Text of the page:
"Let books be your dining table, / And you shall be full of delights. / Let them be your
And you shall sleep restful nights" (St. Ephraim the Syrian).

Monday, August 5, 2013

"When You Were Transfigured On the Mount, O Christ our God"

Tonight we prepare to keep vigil for one of the loveliest feasts of the year. The Transfiguration has long remained my favourite feast of the year, perhaps because of its obvious Paschal character--to say nothing of the fact that is so wonderfully captures the "dyophysite" nature of humankind: called to transfiguration ourselves, beholding the glory of Christ as far as we can bear it (as the troparion puts it), we are also at the same time like the apostles: falling down the mountain, our faces half-covered in cowardice and bewilderment. The brilliant luminosity of the icon of this feast, attributed to Theophanes the Greek (at right), captures these dynamics well it seems to me.

Fittingly set for an official release today is a new book from two of the leading patrologists of our time, one Catholic and the other Orthodox: Brian E. Daley, trans. and John Behr, ed. Light on the Mountain: Greek Patristic and Byzantine Homilies on the Transfiguration of the Lord (SVS Press, August 2013), 378pp.

About this collection, which is volume 48 in the SVS series "Popular Patristics," we are told by the publisher:
The episode of the Transfiguration of Jesus plays a key role in the narrative of the Synoptic Gospels. Peter and his fellow Apostles have just acknowledged Jesus to be Israel s long-awaited Messiah, and have been shocked by Jesus immediate prediction of his coming passion and death. Now Peter, James and John are allowed to share an extraordinary vision, marking him out as truly God s own Son, radiant with divine glory. Early Christian commentators and preachers recognized the crucial importance of this incident for Christian faith and discipleship, as pointing in advance to the power of the cross and resurrection of Christ. The liturgical feast of the Transfiguration, anticipating that of the Exaltation of the Cross by forty days, came to be celebrated in the Eastern and Western Churches, beginning in the seventh century; yet since at least the third century, theologians have reflected on the significance of this event for the life of faith.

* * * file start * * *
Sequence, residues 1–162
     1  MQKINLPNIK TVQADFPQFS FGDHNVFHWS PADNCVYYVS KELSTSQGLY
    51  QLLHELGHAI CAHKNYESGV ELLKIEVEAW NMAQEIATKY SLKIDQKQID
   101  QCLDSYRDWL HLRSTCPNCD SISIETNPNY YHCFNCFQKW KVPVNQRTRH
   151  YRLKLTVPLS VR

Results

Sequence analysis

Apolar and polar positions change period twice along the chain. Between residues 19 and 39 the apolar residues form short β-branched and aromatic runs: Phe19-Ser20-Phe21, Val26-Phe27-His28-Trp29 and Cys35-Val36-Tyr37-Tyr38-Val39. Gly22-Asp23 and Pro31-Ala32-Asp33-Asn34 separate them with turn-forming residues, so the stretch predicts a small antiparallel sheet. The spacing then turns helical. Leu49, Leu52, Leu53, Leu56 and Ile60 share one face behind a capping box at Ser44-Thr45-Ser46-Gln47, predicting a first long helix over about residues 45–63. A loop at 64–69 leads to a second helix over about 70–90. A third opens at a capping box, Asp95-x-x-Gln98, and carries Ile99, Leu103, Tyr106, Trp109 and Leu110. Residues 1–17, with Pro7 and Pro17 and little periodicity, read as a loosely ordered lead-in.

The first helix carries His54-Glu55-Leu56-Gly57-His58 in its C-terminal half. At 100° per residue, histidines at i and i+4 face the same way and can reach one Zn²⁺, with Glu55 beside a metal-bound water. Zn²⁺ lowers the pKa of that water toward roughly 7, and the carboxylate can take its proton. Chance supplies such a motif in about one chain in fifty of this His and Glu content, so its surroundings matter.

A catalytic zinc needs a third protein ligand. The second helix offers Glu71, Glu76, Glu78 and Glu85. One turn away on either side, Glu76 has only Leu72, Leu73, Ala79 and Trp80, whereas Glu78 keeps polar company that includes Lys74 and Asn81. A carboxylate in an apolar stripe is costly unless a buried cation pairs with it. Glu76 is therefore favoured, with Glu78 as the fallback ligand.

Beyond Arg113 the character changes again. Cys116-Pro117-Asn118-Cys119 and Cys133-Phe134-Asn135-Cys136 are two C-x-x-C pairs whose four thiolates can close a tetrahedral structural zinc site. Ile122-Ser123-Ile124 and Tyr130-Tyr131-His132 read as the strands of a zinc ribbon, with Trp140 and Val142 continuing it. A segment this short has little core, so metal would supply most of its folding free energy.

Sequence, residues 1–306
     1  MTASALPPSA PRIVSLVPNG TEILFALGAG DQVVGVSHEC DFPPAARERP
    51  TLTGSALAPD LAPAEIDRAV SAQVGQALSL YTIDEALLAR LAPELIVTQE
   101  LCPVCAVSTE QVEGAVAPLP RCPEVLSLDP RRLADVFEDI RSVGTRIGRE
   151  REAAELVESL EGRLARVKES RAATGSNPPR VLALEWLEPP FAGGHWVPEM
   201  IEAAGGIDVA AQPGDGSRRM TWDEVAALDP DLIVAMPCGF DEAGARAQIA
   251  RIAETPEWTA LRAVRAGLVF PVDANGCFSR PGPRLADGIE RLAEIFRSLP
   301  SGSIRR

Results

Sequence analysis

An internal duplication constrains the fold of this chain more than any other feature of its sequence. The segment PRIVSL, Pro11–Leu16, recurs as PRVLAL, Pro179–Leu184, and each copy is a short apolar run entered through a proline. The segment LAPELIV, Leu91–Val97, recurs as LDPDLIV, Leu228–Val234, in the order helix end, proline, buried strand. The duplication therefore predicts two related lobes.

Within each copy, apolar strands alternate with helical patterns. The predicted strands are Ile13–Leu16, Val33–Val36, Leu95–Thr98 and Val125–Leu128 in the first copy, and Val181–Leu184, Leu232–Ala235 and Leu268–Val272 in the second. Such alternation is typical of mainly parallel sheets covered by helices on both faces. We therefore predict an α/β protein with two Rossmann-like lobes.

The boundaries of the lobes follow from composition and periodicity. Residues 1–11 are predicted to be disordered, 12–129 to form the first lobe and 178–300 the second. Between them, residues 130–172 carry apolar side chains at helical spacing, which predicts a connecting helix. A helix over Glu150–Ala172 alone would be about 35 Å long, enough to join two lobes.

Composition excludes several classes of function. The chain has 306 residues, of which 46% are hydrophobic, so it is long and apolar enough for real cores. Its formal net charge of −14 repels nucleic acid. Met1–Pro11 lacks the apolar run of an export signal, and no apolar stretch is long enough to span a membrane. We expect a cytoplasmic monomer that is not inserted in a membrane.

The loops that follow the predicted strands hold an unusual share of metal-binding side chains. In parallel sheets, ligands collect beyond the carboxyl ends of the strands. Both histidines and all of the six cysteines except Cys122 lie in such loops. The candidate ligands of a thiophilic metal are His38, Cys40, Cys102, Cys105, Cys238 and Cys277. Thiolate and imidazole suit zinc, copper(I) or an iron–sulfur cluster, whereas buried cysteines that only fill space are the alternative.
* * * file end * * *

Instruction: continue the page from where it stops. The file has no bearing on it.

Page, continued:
This volume brings together, in a new translation, a comprehensive collection of homilies on the Transfiguration of Christ from the Greek Patristic and Medieval Church, from Origen in the third century to St. Gregory Palamas in the fourteenth. Together they form a profound and moving set of meditations, from many perspectives and in many voices, on the light of the recognition of the glory of God in the face of Christ (II Cor 4.6), and on its importance for our lives.

Homilies include:

Origen, Commentary on Matthew 12.36 43 (on Matthew 17.1 9)
John Chrysostom, Homily 56 on Matthew (on Matthew 16.28 17.9)
Proclus of Constantinople, Homily on the Transfiguration
Cyril of Alexandria, Homily 51 on Luke (on Luke 9.27 36)
Pantoleon, Sermon on the Transfiguration of the Lord
Leontius, Presbyter of Constantinople, Homily 14 on the Transfiguration
Patriarch Anastasius I of Antioch, Homily on the Transfiguration (Homily 1)
Timothy of Antioch, Homily on the Cross and Transfiguration of Jesus
Anonymous, Incomplete Homily on the Transfiguration (7th-9th c.)
Anastasius of Sinai, Homily for Feast of the Transfiguration
Andrew of Crete, Homily for the Feast of the Transfiguration
John of Damascus, Homily for the Feast of the Transfiguration
Emperor Leo VI (the Wise), Three Homilies for the Transfiguration:10,11,39
Philagathos of Cerami, Homily 31 on the Feast of the Saving Transfiguration
Neophytos the Recluse, Catechesis on the Transfiguration
Theoleptos of Philadelphia, Catechesis for the Feast of the Transfiguration of Our Lord and Savior Jesus Christ
Nikephoros Choumnos, On the Holy Transfiguration of Christ
Ps-Chrysostom, Discourse on the Transfiguration (Sicily, 14th c.?)
Gregory the Sinaite, Discourse on the Feast of the Transfiguration of the Lord
Gregory Palamas, Two Homilies for the Feast of the Transfiguration (34 and 35)
If your parish is not keeping vigil today, you will be edified by this video from the most liturgically splendid Byzantine parish in all of North America.

No comments:

Post a Comment

Anonymous comments are never approved. Use your real name and say something intelligent.

Note: Only a member of this blog may post a comment.

Related Posts Plugin for WordPress, Blogger...